MINNEAPOLIS – Derek Chauvin, the Minneapolis police officer seen kneeling on George Floyd’s neck until he could not breathe, has been arrested, Fox News reported.
Chauvin’s arrest follows three days of protests and rioting across Minneapolis that led to looting, violence and a police precinct being torched.
Hennepin County Attorney Mike Freeman said the now former officer has been charged with 3rd degree murder and manslaughter, CBS Minnesota reported.
Minnesota Gov. Tim Walz on Friday promised swift justice in Floyd’s death, but also pleaded with protestors who have set fire to Minneapolis to stop, so the city could restore justice and order.
“I won’t patronize you as a white man about living those experiences… but I am asking you to help us,” Walz said. “Help us use humane ways to get the streets to a place where we can restore the justice so that those who are expressing rage and anger and demanding justice are heard, not those who throw fire bombs into businesses.”
On Friday, John Harrington, commissioner of the Minnesota Department of Public Safety, announced that Chauvin was taken into custody by the Minnesota Bureau of Criminal Apprehension, who said that Chauvin was taken into custody in Minneapolis, according to CBS.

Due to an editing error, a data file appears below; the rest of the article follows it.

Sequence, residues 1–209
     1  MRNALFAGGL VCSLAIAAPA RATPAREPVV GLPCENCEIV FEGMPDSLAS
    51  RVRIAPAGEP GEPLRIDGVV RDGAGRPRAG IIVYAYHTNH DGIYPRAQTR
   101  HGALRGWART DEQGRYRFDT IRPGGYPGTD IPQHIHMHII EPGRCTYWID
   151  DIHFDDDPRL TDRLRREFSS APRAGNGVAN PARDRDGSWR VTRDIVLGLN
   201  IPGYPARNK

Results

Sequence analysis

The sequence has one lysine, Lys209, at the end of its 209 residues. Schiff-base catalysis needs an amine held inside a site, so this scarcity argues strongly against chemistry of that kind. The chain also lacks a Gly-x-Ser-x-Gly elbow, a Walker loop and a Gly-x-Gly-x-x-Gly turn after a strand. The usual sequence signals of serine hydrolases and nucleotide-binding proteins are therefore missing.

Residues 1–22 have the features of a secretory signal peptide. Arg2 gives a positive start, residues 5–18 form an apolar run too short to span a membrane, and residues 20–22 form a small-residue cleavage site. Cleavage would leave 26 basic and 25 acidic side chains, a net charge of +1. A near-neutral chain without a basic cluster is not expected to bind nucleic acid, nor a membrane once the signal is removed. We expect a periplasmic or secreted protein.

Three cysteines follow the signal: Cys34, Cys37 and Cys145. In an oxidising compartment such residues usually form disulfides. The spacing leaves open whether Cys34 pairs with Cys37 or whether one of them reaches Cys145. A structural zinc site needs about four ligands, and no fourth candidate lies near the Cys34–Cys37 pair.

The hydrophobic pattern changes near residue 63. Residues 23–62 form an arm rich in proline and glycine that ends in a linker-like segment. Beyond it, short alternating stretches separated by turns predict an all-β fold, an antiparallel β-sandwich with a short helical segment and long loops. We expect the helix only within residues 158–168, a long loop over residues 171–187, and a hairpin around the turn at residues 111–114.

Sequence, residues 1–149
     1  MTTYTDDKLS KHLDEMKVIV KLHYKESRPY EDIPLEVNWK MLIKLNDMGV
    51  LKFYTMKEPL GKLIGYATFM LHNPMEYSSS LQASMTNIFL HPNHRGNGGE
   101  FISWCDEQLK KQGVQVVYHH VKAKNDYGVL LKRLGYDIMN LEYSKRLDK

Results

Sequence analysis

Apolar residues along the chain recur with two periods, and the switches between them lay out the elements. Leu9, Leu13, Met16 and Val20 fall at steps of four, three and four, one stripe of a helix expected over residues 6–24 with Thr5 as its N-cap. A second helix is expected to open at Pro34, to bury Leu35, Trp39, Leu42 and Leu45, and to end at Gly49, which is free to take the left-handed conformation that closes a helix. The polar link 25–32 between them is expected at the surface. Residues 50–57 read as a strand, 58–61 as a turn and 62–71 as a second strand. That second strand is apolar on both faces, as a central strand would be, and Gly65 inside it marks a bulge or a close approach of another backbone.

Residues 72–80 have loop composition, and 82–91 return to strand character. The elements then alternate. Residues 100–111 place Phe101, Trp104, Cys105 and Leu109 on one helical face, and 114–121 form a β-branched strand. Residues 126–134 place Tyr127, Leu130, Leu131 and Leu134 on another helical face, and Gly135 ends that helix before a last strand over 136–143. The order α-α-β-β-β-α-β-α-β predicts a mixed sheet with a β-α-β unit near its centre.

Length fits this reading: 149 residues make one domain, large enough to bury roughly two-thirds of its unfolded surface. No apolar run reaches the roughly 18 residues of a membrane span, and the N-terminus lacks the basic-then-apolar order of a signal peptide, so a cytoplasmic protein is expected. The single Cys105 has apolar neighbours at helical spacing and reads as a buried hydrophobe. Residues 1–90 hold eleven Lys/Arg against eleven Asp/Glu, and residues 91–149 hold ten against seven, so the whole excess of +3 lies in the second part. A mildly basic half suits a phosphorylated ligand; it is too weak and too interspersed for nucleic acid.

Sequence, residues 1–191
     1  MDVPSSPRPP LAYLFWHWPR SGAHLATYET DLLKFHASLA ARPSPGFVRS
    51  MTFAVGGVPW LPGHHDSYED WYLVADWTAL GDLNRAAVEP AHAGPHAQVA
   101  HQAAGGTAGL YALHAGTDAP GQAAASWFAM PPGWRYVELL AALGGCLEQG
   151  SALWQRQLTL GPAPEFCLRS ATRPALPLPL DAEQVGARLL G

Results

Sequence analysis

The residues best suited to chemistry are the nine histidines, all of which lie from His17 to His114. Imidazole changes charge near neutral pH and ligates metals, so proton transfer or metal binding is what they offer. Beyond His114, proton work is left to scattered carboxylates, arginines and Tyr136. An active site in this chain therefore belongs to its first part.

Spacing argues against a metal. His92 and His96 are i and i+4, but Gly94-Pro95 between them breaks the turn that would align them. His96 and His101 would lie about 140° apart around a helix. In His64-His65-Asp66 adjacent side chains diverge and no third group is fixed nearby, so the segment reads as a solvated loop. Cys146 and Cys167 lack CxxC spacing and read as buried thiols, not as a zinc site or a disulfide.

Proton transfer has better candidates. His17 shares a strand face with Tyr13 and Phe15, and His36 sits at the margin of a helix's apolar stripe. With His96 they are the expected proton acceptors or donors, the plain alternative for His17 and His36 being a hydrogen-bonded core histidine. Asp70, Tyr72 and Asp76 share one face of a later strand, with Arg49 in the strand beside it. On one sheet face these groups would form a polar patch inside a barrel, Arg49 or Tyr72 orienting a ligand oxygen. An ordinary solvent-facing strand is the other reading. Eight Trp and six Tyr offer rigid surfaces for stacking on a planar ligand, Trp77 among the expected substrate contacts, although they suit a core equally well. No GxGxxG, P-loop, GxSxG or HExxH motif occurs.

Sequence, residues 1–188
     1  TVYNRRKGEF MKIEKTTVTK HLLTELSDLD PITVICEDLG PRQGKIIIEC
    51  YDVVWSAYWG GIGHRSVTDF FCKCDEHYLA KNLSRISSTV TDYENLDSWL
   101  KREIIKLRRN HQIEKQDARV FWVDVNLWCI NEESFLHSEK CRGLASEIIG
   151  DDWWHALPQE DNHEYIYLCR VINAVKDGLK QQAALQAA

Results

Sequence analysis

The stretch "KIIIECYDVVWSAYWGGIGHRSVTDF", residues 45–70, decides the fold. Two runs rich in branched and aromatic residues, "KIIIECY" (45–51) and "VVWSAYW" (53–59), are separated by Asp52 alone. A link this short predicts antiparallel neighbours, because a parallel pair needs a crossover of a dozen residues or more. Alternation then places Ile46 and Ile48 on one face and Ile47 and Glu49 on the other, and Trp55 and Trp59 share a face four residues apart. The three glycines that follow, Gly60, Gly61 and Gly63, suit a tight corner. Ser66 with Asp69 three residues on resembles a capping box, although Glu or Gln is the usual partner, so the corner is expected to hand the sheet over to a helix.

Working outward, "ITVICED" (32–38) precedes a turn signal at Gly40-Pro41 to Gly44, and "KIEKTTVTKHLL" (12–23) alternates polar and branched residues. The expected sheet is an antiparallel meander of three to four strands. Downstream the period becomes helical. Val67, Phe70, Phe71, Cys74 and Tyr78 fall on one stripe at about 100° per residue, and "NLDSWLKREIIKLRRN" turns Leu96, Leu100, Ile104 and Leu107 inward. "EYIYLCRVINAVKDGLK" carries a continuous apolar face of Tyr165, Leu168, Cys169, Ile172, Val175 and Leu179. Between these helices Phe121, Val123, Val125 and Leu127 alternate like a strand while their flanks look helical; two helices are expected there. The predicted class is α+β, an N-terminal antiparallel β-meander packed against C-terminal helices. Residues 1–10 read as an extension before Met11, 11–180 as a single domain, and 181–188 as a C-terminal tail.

“We have now been able to put together the evidence that we need. Even as late as yesterday afternoon, we did not have all that we needed,” Freeman said, before saying that he was unable to speak to specific pieces of evidence and which one specifically was needed to file charges.
“This is by far the fastest that we’ve ever charged a police officer,” Freeman said.
Freeman says the other officers involved are under investigation and he “anticipates charges.”
“But I’m not going to get into that,” he said. “Today, we’re talking about former officer Chauvin.”
Attorney General William Barr issued a statement Friday afternoon, saying:
The video images of the incident that ended with death of Mr. Floyd, while in custody of Minneapolis police officers, were harrowing to watch and deeply disturbing. The state prosecutor has been in the process of determining whether any criminal charges are appropriate under state law. On a separate and parallel track, the Department of Justice, including the FBI, are conducting an independent investigation to determine whether any federal civil rights laws were violated. Both state and federal officers are working diligently and collaboratively to ensure that any available evidence relevant to these decisions is obtained as quickly as possible. Under our system, charging decisions must be, and will be, based on the law and facts. This process is proceeding quickly. As is the typical practice, the state’s charging decisions will be made first. I am confident justice will be served.
On Monday at 8 p.m., Minneapolis police said officers were called to the intersection of Chicago Avenue and East 38th Street on a report of someone trying to use a forged document at Cup Foods.
During Floyd’s arrest, a bystander’s video showed him saying he could not breathe as Chauvin knelt on his neck and kept his knee there for several minutes.
The other officers involved were identified as Tou Thao, Thomas Lane and J Alexander Kueng, each with the department fewer than three years. All four officers were fired a day after Floyd’s death.